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Hello,

First time poster, but a very interested listener for a while now. Even though I can't directly apply most of the things discussed in my current dayjob, I do find it all very fascinating.

Now, on to the reason I'm writing here. A team not getting paid, you might wonder. You can relax; I'm not speaking of slave labour here. Instead, it's about a virtual team spread all over the world, working on developing a computer game together on our spare time, next to our day jobs and studies.

There has been some discussions on how to approach this. The project has been in development for roughly a year now, and we haven't gotten as far as we would like. My theory as to why this is so, is the expectations of ourselves are set too low, and thus the responsibilities. We do have a team leader (a producer, if you will), whom has taken the stance that since this is a hobby project, there should be no pressure, or no guilt involved.

However, while we have milestones set up, and deadlines, these are never met, and missing them have no official repercussions -- instead there are rumblings about it among team members, and a steady growing annoyance. All this is detrimental for morale, and lately there has been a great lack of enthusiasm and involvement.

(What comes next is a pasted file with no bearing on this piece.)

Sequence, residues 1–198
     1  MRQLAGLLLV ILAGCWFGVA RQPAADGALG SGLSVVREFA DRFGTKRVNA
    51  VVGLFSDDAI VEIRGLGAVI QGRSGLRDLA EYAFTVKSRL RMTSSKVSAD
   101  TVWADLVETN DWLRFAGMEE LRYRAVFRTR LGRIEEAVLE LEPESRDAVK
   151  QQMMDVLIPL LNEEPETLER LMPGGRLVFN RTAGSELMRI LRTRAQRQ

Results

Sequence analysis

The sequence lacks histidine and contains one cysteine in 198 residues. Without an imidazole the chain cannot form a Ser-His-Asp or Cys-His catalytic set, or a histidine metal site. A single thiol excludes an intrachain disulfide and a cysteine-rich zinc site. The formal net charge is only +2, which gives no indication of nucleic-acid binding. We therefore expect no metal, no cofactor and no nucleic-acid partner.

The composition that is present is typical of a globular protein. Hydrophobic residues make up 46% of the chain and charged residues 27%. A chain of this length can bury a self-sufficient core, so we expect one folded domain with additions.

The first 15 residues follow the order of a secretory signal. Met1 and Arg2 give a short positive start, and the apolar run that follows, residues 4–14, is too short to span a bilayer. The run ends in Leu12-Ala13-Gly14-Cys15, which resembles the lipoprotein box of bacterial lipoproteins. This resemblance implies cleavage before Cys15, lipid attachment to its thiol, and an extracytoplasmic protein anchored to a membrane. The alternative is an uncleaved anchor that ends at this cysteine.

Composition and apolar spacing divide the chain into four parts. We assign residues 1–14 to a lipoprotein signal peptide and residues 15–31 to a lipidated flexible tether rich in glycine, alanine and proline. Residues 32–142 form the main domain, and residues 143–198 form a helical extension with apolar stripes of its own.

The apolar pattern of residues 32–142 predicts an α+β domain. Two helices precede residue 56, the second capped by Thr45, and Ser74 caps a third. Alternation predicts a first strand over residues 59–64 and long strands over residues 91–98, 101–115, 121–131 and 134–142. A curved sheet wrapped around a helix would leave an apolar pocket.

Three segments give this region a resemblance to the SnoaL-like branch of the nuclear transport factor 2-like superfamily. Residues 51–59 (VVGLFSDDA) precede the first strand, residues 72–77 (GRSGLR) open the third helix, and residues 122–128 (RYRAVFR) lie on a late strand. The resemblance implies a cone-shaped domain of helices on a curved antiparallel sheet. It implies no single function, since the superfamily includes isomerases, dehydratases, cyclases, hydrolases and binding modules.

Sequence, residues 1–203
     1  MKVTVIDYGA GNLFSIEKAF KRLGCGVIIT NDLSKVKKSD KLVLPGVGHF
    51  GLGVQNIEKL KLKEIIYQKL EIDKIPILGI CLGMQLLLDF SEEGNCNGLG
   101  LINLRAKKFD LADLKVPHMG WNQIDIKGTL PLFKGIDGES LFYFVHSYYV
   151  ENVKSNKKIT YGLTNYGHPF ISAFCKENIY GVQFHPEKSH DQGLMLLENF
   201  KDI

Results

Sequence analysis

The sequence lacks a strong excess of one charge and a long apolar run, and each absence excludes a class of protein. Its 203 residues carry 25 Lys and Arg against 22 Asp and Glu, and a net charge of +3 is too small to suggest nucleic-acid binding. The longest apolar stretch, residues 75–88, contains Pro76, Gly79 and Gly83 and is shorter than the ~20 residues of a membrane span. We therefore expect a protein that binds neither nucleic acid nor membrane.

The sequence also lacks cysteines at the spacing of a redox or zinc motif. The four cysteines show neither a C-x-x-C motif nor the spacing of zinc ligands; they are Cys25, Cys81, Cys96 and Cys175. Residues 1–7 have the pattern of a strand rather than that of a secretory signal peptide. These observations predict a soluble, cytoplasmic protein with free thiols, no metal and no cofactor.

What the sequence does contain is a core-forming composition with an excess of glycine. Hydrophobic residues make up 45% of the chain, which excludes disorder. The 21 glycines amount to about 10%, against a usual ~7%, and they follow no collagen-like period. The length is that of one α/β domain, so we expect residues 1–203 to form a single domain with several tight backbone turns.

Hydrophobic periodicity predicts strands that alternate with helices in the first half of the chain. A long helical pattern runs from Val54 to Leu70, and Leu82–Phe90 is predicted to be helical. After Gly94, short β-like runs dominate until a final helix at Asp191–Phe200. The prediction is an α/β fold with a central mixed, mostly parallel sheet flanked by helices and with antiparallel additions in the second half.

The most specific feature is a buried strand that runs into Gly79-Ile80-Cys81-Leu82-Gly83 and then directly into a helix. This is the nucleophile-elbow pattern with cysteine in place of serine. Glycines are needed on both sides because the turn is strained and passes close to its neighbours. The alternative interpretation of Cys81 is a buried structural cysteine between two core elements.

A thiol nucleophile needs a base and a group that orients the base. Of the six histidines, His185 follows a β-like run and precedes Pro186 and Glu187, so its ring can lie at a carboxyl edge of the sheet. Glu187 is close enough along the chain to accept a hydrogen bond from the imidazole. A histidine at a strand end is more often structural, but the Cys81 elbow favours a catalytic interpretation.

Part of the problem lies much with our inexperienced team members (I am one of these, myself), but also, I feel, with our team leader. So what I am wondering, and would like to throw out to you guys, is: What can you expect from a team that isn't getting paid for what it's doing? Should there be a firmer hierarchy within the project, with "bosses" and "mini-mosses", and should this be enforced properly?

Clearly there is a need for a change of some kind, I'm just hard-pressed to finding out what is REALLY the source of all this. It feels like it is a combination of many things.

Regards,
David

Edit: grammar correction.

russdev's picture

Hi

I am a 'manager' at a site that is one of leading sites for ICT support staff in education.